After analysing the evidence and extensive consultation, we have come up with a series of recommendations which we think will help universities play an even greater role in helping to improve social mobility in England.
The timing of the report could not have been more apt following the Conservative Party Conference last week, as I lost count of the number of times the words 'social mobility' and 'social justice' were used by the prime minister and ministers on stage in Birmingham.
The story of our report started under the previous prime minister – going all the way back to a speech by David Cameron during a General Election rally in Croydon in April 2015. At the event, Mr Cameron outlined his vision for increasing representation from disadvantaged backgrounds and black, minority and ethnic groups in universities, the armed forces and the police. The speech was followed by an announcement earlier this year, as well as a roundtable meeting at 10 Downing Street, which I attended alongside others from universities, schools, colleges, charities and business.
When the new Prime Minister Theresa May stood outside Number 10 on her first day in office, some were left wondering if she would continue what her predecessor had started. As she gave her speech the answer could not have been clearer: social mobility and social justice would be top of her list of priorities as PM. This intention was strengthened by the appointment of Justine Greening, who became the first ever Secretary of State for Education to have received a state school education. With an expanded brief which covers universities for the first time since 2007, the secretary of state has made it clear that this is a priority for her too.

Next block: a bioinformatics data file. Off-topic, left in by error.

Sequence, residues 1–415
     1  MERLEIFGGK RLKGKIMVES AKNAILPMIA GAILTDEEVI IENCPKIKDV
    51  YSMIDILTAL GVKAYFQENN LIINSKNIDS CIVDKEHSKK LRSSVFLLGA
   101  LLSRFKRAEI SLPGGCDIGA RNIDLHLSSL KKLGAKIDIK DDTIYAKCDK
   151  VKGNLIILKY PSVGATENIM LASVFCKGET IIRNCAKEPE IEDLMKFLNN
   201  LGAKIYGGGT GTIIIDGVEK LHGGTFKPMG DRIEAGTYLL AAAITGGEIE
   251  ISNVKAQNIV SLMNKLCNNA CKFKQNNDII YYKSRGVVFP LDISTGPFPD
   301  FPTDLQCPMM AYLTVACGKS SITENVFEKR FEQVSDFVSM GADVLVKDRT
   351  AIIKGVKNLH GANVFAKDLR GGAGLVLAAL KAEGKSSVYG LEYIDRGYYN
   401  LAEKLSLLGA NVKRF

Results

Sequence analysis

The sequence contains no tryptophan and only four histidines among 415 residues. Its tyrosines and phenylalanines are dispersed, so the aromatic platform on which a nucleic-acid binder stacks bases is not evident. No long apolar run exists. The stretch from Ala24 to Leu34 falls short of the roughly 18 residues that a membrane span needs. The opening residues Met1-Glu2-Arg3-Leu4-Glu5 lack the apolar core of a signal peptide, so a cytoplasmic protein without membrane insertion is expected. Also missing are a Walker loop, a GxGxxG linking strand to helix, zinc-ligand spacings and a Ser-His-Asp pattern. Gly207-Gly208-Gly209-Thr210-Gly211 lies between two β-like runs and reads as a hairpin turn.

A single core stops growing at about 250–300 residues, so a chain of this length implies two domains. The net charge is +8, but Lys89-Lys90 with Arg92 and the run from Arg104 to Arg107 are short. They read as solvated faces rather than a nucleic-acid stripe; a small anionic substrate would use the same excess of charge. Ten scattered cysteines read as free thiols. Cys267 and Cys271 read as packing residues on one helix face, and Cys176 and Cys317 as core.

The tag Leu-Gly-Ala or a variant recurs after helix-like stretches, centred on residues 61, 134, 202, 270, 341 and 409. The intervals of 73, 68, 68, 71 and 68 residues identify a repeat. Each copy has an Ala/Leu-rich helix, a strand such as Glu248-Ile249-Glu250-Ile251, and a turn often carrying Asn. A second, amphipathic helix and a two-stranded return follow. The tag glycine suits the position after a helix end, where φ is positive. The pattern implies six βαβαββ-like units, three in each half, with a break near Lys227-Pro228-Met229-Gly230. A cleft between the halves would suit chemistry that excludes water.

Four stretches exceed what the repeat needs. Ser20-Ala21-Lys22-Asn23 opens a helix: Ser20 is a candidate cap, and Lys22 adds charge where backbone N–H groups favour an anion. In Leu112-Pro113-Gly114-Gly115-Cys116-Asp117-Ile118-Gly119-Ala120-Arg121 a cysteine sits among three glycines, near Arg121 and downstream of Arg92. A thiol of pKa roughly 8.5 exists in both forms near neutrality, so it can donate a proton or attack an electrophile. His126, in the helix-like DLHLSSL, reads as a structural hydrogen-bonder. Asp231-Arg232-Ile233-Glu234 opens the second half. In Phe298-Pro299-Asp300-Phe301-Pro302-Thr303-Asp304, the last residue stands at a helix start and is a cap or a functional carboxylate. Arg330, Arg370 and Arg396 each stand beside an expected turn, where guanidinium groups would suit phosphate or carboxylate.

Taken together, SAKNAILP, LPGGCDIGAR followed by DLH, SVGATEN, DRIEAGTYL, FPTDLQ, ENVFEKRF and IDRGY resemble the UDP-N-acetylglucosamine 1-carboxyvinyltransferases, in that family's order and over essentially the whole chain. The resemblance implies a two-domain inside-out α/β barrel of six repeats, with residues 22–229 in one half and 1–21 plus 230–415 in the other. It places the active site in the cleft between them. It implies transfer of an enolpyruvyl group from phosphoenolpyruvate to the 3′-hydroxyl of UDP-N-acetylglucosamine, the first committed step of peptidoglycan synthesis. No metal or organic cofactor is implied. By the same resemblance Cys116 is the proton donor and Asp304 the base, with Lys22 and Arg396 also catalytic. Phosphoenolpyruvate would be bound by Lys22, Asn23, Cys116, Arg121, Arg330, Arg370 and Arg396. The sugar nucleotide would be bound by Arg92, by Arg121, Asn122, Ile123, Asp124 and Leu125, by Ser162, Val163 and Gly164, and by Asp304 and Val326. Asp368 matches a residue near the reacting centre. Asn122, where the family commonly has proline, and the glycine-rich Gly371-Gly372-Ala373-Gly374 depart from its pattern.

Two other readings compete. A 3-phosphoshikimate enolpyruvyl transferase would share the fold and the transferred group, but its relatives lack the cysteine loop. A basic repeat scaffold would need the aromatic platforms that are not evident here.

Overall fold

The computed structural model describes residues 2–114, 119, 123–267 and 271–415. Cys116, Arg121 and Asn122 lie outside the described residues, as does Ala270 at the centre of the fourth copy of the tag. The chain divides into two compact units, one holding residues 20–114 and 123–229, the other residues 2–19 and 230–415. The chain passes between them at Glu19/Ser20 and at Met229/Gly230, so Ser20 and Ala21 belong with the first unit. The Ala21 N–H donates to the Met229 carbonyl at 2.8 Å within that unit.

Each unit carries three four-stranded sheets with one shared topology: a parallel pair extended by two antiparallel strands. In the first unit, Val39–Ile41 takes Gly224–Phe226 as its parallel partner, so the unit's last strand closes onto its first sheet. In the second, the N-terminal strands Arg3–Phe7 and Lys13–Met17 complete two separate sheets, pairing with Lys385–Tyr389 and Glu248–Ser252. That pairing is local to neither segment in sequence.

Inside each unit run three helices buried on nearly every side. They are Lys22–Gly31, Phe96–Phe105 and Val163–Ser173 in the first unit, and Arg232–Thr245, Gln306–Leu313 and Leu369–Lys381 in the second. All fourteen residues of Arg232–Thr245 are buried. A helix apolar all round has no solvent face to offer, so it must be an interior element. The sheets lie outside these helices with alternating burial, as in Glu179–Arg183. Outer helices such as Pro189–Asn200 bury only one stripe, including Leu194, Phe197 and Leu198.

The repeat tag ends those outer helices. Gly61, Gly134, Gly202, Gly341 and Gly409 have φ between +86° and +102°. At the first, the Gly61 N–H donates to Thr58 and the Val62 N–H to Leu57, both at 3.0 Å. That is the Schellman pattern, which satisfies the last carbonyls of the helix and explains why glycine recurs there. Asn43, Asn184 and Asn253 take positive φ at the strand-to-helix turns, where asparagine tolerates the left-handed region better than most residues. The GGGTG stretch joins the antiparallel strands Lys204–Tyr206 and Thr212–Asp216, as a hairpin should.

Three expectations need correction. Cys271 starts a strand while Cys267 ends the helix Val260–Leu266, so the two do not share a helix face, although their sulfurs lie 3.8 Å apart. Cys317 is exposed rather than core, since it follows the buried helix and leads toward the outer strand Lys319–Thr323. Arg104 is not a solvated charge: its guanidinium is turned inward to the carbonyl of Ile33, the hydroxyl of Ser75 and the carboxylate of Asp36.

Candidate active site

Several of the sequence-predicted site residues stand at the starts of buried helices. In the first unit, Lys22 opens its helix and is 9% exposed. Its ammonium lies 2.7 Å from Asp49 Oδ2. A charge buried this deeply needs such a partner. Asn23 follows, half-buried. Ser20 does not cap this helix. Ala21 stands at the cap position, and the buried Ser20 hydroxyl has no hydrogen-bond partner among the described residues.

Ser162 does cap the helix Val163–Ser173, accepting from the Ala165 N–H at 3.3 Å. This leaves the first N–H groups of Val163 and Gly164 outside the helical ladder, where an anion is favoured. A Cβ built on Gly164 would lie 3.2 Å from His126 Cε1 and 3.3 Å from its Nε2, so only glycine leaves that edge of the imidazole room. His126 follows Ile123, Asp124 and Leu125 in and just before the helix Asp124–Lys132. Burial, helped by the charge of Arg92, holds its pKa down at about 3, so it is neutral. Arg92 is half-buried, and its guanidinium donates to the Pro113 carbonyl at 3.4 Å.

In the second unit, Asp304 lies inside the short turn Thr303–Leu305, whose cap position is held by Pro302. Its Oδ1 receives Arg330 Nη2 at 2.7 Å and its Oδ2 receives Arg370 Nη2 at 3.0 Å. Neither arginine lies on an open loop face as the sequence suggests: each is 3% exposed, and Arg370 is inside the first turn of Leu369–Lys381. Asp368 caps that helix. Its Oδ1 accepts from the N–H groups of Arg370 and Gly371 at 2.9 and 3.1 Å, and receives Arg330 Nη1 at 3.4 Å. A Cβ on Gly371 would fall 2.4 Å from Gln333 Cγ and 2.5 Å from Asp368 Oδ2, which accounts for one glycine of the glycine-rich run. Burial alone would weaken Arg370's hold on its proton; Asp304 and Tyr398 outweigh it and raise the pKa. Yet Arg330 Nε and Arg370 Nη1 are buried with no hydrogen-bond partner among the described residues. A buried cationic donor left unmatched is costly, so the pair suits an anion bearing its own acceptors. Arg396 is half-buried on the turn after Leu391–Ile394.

Since then we have seen the publication of a green paper, 'Schools that work everyone', which includes sections on how universities should work more closely with schools to improve attainment levels. The paper has received a mixed response, with a number of UUK members commenting in the media. They all point to the fact that solutions to entrenched problems of social disadvantage are not straightforward, and there are no easy answers – something that has become very clear in our work on the Social Mobility Advisory Group these past several months.
The evidence from today's report also shows that while the focus on university admissions is important, it is no longer enough. What matters equally are the outcomes of those going to university. How they develop personally, what friends they make and what networks they create, what degree result they achieve, and what job they get when they leave are all important factors too.
In developing the report, we worked with representatives from universities, schools, colleges and employers, as well as education charities and alternative higher education providers. This reflects a major theme in the report, which is that collaboration and coordination between different sectors, in a way that is responsive to regions and place, is absolutely crucial to the success of social mobility. It is vital that this partnership continues and I am incredibly grateful for the many hours that all these groups have put in to inform today's report.
We are due to report back on progress by the end of 2017. Meantime, we look forward to working with individuals and organisations to take the recommendations forward.